My Knitty Op Art blanket is done:
It’s about 47 inches across the center. I used about six skeins of green and five of yellow Austermann Record 210. I had begun another round of yellow but I didn’t have enough yarn to complete the next progression, so I ripped it back, opting instead to use up all available green for the outer, larger framing section. Obviously, I haven’t attempted blocking yet. Cotton yarn as a rule does not deform as well under blocking as does wool, and this dense cotton in particular has a mind of its own. I suspect I’ll have to pin this to within an inch of its life, then steam block it rather than just damp blocking. But that’s an exercise for another day. Even if I don’t get around to it, the odd shape (although unorthodox) isn’t unappealing.
In other knitting news, I continue to slog away at the spiderweb section of my growing olive green tablecloth, but pix of the standard indistinct and blurry snood shape object won’t reveal much beyond the fact that it still exists. Also I was tempted too long by the skein of Noro Kureyon Sock Yarn that’s been sitting atop my monitor since I posted about its acquisition back in July. I had thought about doing something unusual with it rather than just socks, but the lure of those colors proved too strong.
At that time I bought it I posited that each color area would last about three or four rows in a sock. My instinct was more or less correct, but the yarn has more transitions and in-between gradations than I expected. Knit up, the color sections look like they last much longer, but if you examine closely “pure” colors do last for about five or six rows before they begin transforming into the long “tweener” blend areas:
For the record, I’m using 00s, and am working at the relatively large gauge (for me) of 8 stitches per inch. Although I usually prefer my socks knit tighter, this yarn is a bit heavy compared to the sock yarns I usually use. It’s also a single, with a fair bit of unevenness – some parts are thinner than others – and a fair bit of overtwist. The overtwist can be a pain because the yarn will kink up on itself if a long section is drawn from the skein. I’ve also noticed that other knitters have complained about Kureyon Sock’s feel, thinking it a bit on the coarse side. It is hard on the fingers as it is being knit, but the resulting sock at my gauge is nice and cushy and feels much softer than palpitating the skein promises.
This pair won’t be finished any time soon. Now that the first sock has been kicked off, I’ve relegated it to “briefcase project” status. That’s the small, portable project I keep on hand to knit at doctors’ appointments, while waiting on line at the post office, and other stolen oddments of time. My socks will be done. Eventually.
Two steps forward, one step back.
A minor scuffle on the OpArt baby blanket. I had decided to finish it off after an 8 ridge yellow and 9 ridge green garter section. I knit away at my yellow, and was just at the beginning of my last knit row of yellow when I reached for my final skein of yellow yarn.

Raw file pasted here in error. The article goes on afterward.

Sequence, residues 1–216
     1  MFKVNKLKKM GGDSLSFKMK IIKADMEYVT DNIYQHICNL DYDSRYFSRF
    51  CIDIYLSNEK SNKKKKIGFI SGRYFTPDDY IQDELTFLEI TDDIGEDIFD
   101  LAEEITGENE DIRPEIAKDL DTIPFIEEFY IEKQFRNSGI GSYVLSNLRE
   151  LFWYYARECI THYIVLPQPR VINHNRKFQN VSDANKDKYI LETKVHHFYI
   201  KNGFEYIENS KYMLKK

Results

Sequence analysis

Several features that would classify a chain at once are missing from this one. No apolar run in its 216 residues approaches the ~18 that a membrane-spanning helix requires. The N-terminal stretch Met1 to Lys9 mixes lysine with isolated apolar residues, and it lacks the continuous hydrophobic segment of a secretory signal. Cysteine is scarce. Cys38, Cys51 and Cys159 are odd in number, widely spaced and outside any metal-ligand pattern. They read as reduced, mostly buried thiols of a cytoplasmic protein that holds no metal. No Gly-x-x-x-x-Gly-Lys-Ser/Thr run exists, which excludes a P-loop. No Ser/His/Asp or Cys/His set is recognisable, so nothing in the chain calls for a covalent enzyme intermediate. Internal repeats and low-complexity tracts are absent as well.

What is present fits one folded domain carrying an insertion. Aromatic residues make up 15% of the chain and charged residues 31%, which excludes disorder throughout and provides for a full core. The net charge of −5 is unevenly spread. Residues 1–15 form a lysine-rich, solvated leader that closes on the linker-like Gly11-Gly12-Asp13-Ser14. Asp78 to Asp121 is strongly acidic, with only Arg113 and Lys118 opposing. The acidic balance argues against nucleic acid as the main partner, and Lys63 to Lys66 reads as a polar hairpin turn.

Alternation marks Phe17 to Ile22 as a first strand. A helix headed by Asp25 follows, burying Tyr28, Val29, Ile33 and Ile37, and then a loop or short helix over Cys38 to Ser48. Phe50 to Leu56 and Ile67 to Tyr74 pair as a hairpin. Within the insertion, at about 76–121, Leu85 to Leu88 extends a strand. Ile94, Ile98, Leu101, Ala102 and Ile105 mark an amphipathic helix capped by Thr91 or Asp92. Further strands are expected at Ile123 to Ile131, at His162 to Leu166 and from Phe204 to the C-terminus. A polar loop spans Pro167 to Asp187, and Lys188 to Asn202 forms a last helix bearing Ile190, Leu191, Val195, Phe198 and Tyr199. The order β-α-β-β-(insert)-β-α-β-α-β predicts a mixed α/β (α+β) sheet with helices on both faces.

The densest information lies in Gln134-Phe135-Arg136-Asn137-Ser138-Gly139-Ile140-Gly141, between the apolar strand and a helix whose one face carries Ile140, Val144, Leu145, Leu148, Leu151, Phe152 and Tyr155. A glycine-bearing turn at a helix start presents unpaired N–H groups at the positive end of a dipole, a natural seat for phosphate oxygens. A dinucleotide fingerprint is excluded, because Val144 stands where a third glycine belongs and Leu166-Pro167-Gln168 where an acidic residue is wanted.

Unfortunately, I had miscalculated. Although I was sure I had equal numbers of yellow and green to begin with, and have used more green than yellow, there wasn’t another yellow to hand. A frantic stash hunt turned up no more. Since that last yellow stripe as-is would interrupt the vortex effect, for want of about 40 yards it had to go. As a result I am ripping out the final yellow band, and will finish out the blanket with a wide edge of either green (widening the existing green stripe), or screaming orange (using up all three remaining skeins of the stuff).
A caution to those working the thing. The ever increasing diameter and stripe length conspire to play havoc with one’s running estimate of yarn consumption. Those outer stripes eat a lot of yardage. Don’t be surprised if you run a tad short like me, if like me you throw caution to the winds and sub in a yarn of different gauge.
Monday’s post inspired a rare comment here. Lillian sympathized with the flock of ends problem that this blanket poses, and suggested a method for beginning/ending strands that I hadn’t used before. Thank you!
The back to back join as described by TechKnitting is a very useful method, and is an excellent one to have in one’s bag of tricks. I would be extremely useful for joining thinner yarns, woolly yarns, and for adding on a new ball when spit splicing isn’t possible because of fiber content. It’s new to me, but it will be something I’ll be playing with in the future. But it didn’t work out well for me on my blanket.
This particular project adds two complications that limit the effectiveness of the back to back method. The first is the yarn I’m using. It’s a very dense, round cotton, made up of a zillion little hard strands. As a result, it’s difficult to compress easily. The distortion produced by the two-strands-thick change-over stitches stands out very prominently on both the back and the front. The second is that the first stitch of a new color stripe is also the stitch that bears the row increase (either a k1 in the back and front, or a p1 in the back and front, depending on the garter stitch row being worked). The double strand distortion is magnified in that increase stitch, making a very prominent lump, visible here at the stitch marker: